6. Discussion and Findings
Paragraph 15 (a) of the Rules instructs this Panel to “decide a complaint on the basis of the statements and documents submitted in accordance with the Policy, these rules and any rules and principles of law that it deems applicable.”
Paragraph 4(a) of the Policy requires that the Complainant must prove each of the following three elements to obtain an order that a domain name should be cancelled or transferred:
(1) the domain name registered by Respondent is identical or confusingly similar to a trademark or service mark in which Complainant has rights; and
(2) the Respondent has no rights or legitimate interests in respect of the domain name; and
(3) the domain name has been registered and is being used in bad faith.
A. Identical or Confusingly Similar
The trademark and service mark KAZAA is a created fanciful mark used to distinguish very widely used file sharing software. Based on Annex C to the Complaint Kazaa Media Desktop has been downloaded nearly 350 million times. The trademark and service mark KAZAA has been in use by the Complainant since January 2002, and prior thereto was in use by the Complainant’s predecessor from sometime in the year 2000. The domain names in dispute were not registered until July 2002 or 2003.
The Respondent submits that a clearly posted telephone number as well as a mailing address on the Kazaagold website will enable any potentially confused person to easily contact Kazaagold for clarification.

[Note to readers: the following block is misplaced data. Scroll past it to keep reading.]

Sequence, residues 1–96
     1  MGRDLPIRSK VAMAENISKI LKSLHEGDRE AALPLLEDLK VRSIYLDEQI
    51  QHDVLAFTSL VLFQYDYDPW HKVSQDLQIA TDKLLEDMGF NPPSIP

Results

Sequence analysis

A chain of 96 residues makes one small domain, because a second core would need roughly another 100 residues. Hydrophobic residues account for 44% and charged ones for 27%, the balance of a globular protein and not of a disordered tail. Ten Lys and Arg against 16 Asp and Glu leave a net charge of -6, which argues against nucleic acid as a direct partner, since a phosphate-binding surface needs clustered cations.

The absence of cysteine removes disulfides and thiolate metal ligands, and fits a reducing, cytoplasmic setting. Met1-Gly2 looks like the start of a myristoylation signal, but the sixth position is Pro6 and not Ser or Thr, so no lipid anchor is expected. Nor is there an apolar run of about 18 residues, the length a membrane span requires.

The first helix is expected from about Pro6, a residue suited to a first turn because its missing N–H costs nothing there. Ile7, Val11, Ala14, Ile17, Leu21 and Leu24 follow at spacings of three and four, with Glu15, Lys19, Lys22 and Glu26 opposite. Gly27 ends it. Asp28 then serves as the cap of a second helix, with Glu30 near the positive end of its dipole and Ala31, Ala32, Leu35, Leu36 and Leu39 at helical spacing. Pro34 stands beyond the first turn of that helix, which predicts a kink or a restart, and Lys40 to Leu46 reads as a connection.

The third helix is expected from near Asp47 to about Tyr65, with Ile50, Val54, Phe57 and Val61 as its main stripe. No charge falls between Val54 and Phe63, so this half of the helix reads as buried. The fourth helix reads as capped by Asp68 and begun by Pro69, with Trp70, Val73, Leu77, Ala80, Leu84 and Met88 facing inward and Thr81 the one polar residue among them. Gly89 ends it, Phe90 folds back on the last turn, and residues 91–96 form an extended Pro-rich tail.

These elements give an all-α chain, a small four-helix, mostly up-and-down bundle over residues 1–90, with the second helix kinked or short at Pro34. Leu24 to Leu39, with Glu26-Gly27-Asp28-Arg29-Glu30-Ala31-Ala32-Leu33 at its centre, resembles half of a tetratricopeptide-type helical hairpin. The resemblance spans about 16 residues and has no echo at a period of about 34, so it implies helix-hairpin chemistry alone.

The Panel finds that the addition of the suffix “gold” to the Complainant’s
trademark and service mark KAZAA with and without a hyphen does not avoid a
finding that the domain names in dispute are confusingly similar to the Complainant’s
trademarks and service mark “Kazaa”. The suffix “gold”
merely suggests a select or best version of Complainant’s software identified
by the trademark and service mark KAZAA. The presence of a suffix does not prevent
a finding of confusingly similar, see Yahoo! Inc. v. Jorge O Kirovsky,
WIPO Case No. D2000-0428. Furthermore,
the addition of the generic top level domain name “.com” does not
avoid a finding of confusingly similar, see J. D. Edwards & Company v.
Nadeem Bedar, WIPO Case No.D2002-0693.
The Panel does not accept the Respondent’s submission that the addition
of a telephone number or address for the Respondent on the Respondent’s